acknowledges. Third, within Luke-Acts, there seems to be a salient
notion that something significant happened to Jesus at his
baptism----that God anointed Jesus and endowed him with power (cp, Luke
3:22 with 4:1, 14; Acts 10:37-38). According to Ehrman, what happened
in Luke 3:22 was "an election formula, in which a king is actually
chosen by God upon his anointing" (page 67). Ehrman offers other
arguments for the priority of "today I have begotten you" in Luke 3:22,
One might ask if "today I have begotten you" in
Luke 3:22 contradicts Luke's virgin birth story, in which Jesus is born
as the Christ (Luke 2:11). If that is the case, wouldn't "in you I am
well pleased" be the reading that makes more sense within Luke's
Gospel? Ehrman's response to that appears to be that Luke contradicts
himself, or at least appears to do so. On page 65, Ehrman states:
to Luke's infancy narrative, Jesus was born the Christ (2:11). But in
at least one of the speeches of Acts he is understood to have become the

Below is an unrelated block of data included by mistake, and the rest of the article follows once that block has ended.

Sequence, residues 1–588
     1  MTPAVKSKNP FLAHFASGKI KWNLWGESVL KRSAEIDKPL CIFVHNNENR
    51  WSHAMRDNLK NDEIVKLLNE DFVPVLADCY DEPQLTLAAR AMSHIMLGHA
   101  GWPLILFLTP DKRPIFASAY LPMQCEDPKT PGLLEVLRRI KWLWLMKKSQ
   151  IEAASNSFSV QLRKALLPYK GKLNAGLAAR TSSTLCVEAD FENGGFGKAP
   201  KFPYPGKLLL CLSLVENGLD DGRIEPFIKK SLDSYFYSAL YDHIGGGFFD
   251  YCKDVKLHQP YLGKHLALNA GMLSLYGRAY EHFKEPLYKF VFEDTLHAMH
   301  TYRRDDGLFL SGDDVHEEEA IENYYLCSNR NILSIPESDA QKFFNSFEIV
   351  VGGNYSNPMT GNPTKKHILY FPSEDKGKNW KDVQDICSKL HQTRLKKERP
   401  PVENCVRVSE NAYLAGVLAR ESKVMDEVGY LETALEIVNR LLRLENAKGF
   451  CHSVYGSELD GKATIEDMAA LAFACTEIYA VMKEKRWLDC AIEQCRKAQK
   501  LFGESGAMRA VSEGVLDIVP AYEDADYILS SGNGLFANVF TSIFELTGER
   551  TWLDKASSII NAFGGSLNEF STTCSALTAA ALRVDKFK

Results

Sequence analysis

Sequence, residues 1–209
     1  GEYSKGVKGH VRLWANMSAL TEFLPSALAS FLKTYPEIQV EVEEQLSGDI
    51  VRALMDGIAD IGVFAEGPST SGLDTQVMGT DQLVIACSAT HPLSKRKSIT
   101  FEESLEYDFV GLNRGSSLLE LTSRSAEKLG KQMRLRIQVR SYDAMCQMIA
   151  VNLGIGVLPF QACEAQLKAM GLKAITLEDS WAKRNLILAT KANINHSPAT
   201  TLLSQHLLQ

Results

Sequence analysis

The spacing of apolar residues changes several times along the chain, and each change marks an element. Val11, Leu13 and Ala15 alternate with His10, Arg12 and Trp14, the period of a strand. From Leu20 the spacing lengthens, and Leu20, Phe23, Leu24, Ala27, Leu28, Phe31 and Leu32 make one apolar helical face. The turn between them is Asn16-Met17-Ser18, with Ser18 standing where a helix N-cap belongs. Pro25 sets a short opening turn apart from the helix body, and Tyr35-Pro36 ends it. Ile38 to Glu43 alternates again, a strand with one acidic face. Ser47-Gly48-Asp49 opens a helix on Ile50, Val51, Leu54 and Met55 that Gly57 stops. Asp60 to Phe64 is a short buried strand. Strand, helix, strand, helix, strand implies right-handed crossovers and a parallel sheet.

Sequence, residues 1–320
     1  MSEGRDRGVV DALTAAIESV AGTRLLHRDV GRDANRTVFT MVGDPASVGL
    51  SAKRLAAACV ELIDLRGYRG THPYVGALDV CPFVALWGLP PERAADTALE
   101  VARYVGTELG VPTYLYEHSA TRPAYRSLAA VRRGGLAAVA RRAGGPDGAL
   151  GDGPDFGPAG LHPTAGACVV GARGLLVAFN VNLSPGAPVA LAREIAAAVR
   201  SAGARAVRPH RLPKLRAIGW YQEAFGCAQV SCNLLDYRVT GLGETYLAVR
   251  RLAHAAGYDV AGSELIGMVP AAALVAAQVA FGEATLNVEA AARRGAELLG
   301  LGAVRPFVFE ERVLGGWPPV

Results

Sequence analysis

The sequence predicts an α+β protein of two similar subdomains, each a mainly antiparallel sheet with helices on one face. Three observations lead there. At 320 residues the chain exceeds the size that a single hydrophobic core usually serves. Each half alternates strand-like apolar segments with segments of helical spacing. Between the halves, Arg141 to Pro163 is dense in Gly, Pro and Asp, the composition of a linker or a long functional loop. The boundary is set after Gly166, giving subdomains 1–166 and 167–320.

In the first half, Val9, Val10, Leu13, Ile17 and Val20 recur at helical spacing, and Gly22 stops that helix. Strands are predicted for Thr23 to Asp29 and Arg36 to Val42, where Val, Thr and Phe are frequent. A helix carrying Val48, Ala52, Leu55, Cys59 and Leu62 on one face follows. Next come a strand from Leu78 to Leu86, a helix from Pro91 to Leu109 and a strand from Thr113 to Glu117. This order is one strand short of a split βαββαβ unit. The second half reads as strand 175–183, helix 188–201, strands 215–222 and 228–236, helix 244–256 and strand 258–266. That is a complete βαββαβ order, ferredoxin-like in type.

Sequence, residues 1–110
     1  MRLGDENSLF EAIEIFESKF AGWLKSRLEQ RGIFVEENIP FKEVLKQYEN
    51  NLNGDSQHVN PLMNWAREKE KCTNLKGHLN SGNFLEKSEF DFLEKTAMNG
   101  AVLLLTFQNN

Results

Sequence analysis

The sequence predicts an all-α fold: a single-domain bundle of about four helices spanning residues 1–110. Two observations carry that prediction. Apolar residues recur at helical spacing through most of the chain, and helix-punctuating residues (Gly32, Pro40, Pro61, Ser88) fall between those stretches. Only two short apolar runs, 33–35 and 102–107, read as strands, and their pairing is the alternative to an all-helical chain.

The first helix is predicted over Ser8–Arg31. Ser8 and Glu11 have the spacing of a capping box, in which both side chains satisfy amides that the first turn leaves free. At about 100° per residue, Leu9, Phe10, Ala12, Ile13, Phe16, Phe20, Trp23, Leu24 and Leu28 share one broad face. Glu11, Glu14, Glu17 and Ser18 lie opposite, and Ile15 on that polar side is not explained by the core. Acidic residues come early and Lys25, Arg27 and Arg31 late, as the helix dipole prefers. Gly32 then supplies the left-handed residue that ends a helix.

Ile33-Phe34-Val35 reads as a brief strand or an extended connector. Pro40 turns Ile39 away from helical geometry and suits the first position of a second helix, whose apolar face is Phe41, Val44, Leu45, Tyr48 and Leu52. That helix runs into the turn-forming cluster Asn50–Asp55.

Christ at his baptism (10:37-38; possibly 4:27); whereas in another
Luke explicitly states that he became Christ at his resurrection
(2:36). It may be that in yet another speech (3:20) Jesus is thought to
be the Christ only in his parousia. Similarly 'inconsistent' are
Luke's predications of the titles Lord and Savior to Jesus. Thus, Jesus
is born the Lord in Luke 2:11, and in Luke 10:1 he is designated Lord
while living; but in Acts 2:36 he is said to have been become
Lord at his resurrection. So too, in Luke 2:11 he is born Savior, and
in Acts 13:23-24 he is designated Savior while living; but according to
Acts 5:31 he is said to have been made Savior at the
resurrection. Nor does the title Son of God...escape this seemingly